Tuesday, March 6, 2012


As you start to build your business, managing your time and the time of your staff becomes more and more critical. Many people are pulling you in many different directions and your day can become one of frustration. Your time management is one thing you will struggle with constantly.

One area that requires your tight control is the actual cleaning budgets in each building. Let me emphasize that you need to be monitoring these at all times and doing every 6 month account retuning audits. We will discuss the audits in a future blog. You will find as your crews get more familiar with cleaning a facility they learn where to reduce time and in most cases are not forthcoming in telling you to reduce the budgeted time in the building.

One of my pet peeves has always been one of wasted time when we clean facilities. We live in a competitive environment and try to budget the time as accurately as possible and when we are wasting time in the building, chances are something is not being cleaned to the level we committed to the customer.

Let me give you a wasted time example that happened to me.

We had a 7 story office building that we were cleaning with a crew of 4 people, 4 hours per night for a total of 16 hours per night, 5 times per week. The customer would call quite regularly and complain that we were missing the little things like gum wrappers in the staircases or a trash can in a suite here and there. I could tell she was becoming quite agitated about these issues and I was constantly in communication with my crew to correct the issues.

The crew was adamant in the fact that they just didn't have enough time to do all the work that was required in the allotted time. If they just had 15 minutes more each per night , 1 hour total, the cleaning problems would be solved. I told them I would see what I could do. I worked up a new pricing model and was finally able to secure a 4 PM appointment with my customer and rushed up to see her and sweat blood as we negotiated for 2 hours and finally she agreed to my modest increase and explained she expected no more problems.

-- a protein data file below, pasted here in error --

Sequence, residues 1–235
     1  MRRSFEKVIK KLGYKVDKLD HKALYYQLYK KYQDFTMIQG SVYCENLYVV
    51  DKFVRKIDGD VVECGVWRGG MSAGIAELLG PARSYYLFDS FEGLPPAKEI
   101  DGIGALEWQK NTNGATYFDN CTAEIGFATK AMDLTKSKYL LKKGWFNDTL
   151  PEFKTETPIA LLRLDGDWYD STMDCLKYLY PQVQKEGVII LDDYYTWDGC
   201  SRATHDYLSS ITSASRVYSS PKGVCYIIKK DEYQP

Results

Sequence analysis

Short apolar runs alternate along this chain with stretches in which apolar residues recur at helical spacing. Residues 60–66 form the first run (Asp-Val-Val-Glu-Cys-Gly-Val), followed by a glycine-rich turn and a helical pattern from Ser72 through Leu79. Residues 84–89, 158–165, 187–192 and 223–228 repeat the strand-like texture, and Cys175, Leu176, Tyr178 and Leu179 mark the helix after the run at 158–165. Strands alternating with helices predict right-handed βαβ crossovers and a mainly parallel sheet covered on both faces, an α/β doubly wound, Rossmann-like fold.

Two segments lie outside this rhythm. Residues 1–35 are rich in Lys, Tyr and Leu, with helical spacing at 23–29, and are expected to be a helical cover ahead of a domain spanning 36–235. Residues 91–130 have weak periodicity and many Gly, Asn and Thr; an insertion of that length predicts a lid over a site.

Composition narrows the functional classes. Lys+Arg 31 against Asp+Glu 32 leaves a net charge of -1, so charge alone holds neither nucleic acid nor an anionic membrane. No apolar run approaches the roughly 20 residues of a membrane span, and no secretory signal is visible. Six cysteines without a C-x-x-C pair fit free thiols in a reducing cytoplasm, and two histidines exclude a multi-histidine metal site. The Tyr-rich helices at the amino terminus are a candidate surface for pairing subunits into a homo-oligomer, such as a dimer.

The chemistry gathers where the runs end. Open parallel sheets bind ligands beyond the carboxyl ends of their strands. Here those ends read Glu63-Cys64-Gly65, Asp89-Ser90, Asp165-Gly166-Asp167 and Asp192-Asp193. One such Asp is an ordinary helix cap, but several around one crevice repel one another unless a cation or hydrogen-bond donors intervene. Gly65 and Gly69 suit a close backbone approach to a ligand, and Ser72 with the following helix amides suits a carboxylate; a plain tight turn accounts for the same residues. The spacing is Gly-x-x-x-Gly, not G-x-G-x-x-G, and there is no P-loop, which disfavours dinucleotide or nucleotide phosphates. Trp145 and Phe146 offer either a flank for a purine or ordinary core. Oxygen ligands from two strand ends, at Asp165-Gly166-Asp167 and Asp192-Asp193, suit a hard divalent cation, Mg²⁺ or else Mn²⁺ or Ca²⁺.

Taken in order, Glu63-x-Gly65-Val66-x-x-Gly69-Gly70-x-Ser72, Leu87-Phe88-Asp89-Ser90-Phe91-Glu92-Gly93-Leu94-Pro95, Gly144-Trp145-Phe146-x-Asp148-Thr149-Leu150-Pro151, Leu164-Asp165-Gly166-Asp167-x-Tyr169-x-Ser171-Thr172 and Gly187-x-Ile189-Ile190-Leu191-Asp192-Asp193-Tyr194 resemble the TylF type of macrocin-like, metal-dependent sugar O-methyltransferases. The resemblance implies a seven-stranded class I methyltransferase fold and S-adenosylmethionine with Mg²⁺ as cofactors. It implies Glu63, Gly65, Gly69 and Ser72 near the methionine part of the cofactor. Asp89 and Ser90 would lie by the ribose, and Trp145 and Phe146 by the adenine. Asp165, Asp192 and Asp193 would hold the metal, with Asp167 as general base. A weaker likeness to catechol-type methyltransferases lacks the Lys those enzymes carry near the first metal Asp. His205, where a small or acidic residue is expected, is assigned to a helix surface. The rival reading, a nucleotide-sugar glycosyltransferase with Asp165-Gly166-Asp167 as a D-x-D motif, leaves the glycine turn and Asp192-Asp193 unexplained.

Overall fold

I left her office at 6:15 and decided I would go to the basement break area and have a soft drink, relax, and then find the crew to give them the good news. Well, as I got off the elevator and walked in to the break room, lo and behold there sat my entire crew visiting and enjoying their own soft drink. Do the math---4 people, wasting 15 minutes each equals 1 hour---the hour I had just worked so hard selling to a reluctant client. I counted to 10 (maybe 20) before I asked them when they planned on going to work and explained the difficult time I had just had getting more time for them to make their live easier.

It came as no comfort to me when they explained that, "This is the first time we have ever done this". I left the building without a soft drink. In the weeks to come, they became former employees.

What I have just explained is an example of other people controlling time and eroding profit dollars for the company. When incidents like this occur, they are controlling your destiny, you are not. Be alert to the time wasters that can devastate an organization.

Did you know that if you have 10 employees that waste 5 minutes per day and you pay them $10 per hour that equates to lost dollars of $2,520 per year? That assumes they only waste 5 minutes a day. I am guessing you have some employees that waste more than that. What will $2500+ buy for your organization (or for your spouse).

If you go to my web site at www.consultantsincleaning.com and click on the DVD icon and then click on the support material section entitled "It's only 5 minutes", on the left hand side, you will be able to download a free complete chart of what 5 minutes of wasted time equates to at different employee levels and different pay scales. It will amaze you.

I remember showing the chart to a contractor at a BSCAI convention and it made him physically ill. You see, he had 3,000 employees with an average wage of $15 per hour. That equates to $1,134,000 per year.

So the next time you or someone in your organization says "It's only 5 minutes", remember this article and what 5 minutes can really mean.

Thanks for reading and MAKE IT A GREAT DAY.

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